1 Venus bookshelf by Fabio Novembre for Driade
If you value wit, humour and intellect, you can’t not like the works of architect-designer Fabio Novembre. He’s that guy who designed last year’s two-legged falling Adaptation sofa for Capellini (as a commentary on the contemporary world) and 2008’s Him & Her that marry the structure of the iconic Panton chair with inspiration from the Book of Genesis, resulting in chairs shaped like the naked body. This time, he has taken liberty to encase Canova’s semi-nude Venus in wooden shelves, ostensibly to help cover up the most intimate parts of her body. Actual books look good on the Driade bookcase too.
2 Liquefy tables by Patricia Urquiola for Glas Italia
I’m reminded of a Solero popsicle melting into a puddle before running down the sides of a table, but this extra-light tempered glass table by possibly the world’s most prolific female industrial designer — Patricia Urquiola — is so distinctive, it’s immediately captured my attention. With its faded veins, those so inclined can even blink and imagine it as a gigantic chunk of aventurine, emerald, garnet or jade. What’s also of note is that green is totally on trend for this upcoming season with numerous new releases at April’s Milan Furniture Fair flaunting the hue — often in tandem with the reigning colour of the year, millennial pink. Urquiola, of course, is a soothsaying crowd pleaser who released Liquefy in both green and pink.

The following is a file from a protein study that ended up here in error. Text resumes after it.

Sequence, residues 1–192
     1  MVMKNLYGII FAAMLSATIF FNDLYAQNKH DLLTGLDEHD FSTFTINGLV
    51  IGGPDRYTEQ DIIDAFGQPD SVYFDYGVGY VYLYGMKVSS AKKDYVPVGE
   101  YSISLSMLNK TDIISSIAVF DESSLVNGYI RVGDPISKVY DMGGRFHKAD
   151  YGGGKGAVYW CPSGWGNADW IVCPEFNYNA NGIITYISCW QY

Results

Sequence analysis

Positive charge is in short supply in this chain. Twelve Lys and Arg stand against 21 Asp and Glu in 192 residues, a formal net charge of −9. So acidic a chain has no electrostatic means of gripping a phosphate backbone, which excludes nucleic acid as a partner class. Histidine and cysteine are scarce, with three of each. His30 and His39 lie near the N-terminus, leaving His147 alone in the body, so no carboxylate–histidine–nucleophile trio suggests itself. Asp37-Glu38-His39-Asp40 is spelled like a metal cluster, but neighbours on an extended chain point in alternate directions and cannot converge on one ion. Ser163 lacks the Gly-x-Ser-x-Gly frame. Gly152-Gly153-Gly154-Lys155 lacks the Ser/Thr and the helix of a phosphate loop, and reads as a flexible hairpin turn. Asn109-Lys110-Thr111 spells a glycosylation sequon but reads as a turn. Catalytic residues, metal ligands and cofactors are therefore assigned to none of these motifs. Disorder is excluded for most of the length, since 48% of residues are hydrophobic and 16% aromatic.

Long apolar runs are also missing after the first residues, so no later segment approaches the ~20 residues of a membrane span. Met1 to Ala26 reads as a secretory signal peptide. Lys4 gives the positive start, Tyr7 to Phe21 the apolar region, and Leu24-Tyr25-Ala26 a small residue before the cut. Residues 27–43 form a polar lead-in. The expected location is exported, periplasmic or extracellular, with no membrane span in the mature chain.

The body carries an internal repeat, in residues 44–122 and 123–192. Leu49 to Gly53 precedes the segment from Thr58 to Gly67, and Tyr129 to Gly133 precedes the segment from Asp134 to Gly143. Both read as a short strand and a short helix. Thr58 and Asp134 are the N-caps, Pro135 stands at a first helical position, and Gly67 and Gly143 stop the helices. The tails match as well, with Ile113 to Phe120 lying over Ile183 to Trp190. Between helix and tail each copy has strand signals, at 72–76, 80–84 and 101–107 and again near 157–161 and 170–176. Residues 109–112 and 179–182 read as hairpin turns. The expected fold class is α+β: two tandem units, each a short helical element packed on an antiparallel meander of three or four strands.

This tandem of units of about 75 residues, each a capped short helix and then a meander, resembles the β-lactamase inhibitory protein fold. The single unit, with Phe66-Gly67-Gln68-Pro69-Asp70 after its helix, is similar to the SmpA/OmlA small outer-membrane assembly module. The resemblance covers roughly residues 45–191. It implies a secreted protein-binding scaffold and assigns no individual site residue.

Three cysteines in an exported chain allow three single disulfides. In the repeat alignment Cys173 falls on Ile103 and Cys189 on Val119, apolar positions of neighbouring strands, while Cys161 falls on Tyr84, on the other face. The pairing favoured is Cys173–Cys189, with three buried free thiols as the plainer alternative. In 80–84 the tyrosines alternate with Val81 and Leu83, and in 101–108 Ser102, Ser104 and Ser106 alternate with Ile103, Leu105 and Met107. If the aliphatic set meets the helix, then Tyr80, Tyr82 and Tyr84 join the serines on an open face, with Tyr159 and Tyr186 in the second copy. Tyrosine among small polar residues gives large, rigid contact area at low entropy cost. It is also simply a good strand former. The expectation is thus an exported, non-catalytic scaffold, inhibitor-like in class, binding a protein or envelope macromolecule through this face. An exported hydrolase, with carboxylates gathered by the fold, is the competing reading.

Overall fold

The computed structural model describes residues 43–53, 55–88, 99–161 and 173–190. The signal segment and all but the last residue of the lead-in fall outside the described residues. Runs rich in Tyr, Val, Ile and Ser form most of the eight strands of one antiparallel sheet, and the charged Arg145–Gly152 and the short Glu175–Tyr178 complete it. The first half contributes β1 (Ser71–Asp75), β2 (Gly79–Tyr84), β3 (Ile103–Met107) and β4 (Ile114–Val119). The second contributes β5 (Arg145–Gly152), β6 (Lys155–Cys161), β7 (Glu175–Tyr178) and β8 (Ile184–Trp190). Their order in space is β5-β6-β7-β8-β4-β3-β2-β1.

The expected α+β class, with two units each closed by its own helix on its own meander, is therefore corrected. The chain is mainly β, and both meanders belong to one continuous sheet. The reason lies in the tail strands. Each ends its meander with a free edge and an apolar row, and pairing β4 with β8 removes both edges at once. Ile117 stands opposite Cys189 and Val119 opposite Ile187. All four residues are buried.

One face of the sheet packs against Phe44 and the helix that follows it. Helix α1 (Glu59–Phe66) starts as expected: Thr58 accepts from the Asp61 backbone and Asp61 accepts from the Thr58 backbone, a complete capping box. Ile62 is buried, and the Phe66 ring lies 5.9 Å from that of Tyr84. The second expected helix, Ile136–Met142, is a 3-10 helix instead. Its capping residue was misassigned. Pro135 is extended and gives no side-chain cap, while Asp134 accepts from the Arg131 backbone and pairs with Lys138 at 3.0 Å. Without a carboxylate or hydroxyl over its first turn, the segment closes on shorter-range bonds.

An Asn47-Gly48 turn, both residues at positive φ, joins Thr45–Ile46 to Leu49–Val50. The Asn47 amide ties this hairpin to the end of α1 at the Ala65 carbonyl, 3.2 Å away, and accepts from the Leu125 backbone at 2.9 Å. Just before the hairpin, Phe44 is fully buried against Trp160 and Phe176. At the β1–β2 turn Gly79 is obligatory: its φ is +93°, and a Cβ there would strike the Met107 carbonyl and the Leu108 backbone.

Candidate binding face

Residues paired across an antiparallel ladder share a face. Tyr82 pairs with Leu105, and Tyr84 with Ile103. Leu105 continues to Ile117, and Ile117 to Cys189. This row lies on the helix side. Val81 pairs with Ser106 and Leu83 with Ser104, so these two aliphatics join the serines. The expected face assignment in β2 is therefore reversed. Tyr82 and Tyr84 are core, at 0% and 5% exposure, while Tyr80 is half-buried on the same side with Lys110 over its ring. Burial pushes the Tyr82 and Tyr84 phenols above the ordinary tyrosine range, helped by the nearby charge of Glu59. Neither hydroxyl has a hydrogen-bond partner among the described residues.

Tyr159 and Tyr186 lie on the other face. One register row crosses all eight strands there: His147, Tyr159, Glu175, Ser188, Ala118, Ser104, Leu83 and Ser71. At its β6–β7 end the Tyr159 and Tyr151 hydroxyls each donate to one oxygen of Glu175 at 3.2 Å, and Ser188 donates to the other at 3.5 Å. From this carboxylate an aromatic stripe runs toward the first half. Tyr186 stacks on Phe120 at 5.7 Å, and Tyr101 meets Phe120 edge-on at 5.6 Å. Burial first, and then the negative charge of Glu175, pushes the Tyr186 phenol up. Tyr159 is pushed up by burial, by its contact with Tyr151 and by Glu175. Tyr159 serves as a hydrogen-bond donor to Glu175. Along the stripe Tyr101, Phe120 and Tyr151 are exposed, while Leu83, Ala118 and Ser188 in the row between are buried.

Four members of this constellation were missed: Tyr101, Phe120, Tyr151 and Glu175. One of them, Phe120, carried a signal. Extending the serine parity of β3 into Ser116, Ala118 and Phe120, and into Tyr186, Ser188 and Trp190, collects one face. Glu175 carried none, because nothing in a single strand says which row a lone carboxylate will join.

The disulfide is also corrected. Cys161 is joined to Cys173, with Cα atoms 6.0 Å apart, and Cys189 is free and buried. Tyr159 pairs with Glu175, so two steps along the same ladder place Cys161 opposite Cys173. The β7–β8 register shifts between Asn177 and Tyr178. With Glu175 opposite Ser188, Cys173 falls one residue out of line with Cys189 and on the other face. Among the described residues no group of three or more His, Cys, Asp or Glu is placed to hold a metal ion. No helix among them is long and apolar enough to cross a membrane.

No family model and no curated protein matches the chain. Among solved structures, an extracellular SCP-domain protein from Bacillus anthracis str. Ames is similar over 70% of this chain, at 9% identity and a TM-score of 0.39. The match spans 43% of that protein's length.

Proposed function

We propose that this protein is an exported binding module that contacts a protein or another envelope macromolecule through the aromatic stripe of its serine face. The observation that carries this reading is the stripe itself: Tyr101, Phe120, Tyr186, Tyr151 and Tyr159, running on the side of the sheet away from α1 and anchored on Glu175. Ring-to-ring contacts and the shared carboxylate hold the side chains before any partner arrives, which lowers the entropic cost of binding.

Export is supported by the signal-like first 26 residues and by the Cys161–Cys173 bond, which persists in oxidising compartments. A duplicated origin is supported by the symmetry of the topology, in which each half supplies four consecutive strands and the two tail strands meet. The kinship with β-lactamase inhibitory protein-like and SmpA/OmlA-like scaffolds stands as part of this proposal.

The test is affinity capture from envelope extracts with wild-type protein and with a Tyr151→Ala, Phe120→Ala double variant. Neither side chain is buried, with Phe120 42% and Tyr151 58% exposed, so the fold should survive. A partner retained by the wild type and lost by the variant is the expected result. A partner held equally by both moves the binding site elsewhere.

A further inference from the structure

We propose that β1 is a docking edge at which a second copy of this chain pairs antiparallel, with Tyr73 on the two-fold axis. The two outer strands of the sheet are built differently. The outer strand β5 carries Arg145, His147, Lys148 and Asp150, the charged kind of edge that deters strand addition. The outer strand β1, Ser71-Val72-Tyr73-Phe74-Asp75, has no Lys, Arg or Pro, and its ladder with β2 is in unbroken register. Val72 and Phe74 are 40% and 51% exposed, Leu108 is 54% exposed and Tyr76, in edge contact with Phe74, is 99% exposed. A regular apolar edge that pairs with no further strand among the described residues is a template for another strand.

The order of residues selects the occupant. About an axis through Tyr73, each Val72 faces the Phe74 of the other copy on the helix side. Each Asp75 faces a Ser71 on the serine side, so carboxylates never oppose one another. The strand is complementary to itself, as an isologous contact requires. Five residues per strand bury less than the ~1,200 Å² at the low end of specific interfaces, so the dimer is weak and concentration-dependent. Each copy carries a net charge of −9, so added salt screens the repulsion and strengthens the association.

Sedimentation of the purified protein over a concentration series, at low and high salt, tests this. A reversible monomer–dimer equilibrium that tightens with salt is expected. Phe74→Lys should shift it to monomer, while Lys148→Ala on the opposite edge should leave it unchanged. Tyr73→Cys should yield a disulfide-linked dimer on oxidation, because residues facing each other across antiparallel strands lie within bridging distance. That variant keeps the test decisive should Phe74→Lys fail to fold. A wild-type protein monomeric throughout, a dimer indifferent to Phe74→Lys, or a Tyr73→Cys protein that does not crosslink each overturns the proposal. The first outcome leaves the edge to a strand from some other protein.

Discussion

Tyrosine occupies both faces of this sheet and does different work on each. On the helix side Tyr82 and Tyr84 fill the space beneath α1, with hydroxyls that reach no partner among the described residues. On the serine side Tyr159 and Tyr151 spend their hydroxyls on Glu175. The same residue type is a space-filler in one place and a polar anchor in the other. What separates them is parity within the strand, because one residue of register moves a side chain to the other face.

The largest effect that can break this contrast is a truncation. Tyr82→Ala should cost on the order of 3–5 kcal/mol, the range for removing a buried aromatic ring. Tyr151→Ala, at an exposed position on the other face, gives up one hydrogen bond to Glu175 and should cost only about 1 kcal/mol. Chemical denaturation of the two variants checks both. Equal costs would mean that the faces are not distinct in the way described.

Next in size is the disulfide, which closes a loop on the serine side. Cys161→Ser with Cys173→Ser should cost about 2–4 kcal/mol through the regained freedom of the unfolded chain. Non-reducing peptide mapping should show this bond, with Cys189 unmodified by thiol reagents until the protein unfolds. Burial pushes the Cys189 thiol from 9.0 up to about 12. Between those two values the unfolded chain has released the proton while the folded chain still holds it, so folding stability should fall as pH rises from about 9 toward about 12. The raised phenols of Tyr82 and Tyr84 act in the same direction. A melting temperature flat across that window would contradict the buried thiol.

3 Colette armchair by Rodolfo Dordoni for Minotti
No listicle on premium contemporary furniture is complete without Minotti, the Italian brand that so singularly defines elegance, discernment and long-lasting quality. It may be the Ermenegildo Zegna of furniture makers, with its meticulous craftsmanship and exceedingly timeless designs, but thank you long-time collaborator Rodolfo Dordoni for introducing some welcomed personality this year. All hail the Colette, a head-turner with an external metal structure assembled and welded at more than 300 points. Lustrous in light gold and black nickel, it’s like accessorising a classic business suit with decorative cufflinks.
4 Perch Light Tree by Umut Yamac for Moooi
Those with ornithophobia, cover your eyes. London-based architect-designer Umut Yamac has added to Moooi’s Perch Light family. From one bird sitting on its perch (2014) to five birds on a branch (2016), now, Yamac is offering up an entire chandelier of the origami fowls. Folded from actual synthetic paper and lighted from the inside, each bird rocks back and forth at the slightest touch or breeze. Fans of Moooi will know that the brand takes its name from the Dutch word for beauty but with an additional “o” to signify an extra touch of unique beauty. This growing family of now two-dozen luminous birds is perhaps the best illustration of what brand founders Marcel Wanders and Casper Vissers intended all those years ago.
5 Harmony bathroom console by Alessandro La Spada for Visionnaire
There’s really not much need to explain why I’m fixated on, of all things, a bathroom console. Just look at it, and fall in love. There’s side panels in jolie grey marble carved with low relief and inlays; lots of beautiful brushed steel and an immaculately white marble top. Visionnaire has the tendency to go overtly swanky with its striking use of plush fabrics, satinised metals and curvaceous forms, but this one is almost reductive and, well, harmonious.
For a full coverage of the 2017 Milan Furniture Fair, refer to your copy of Prestige Living, now available together with our June issue.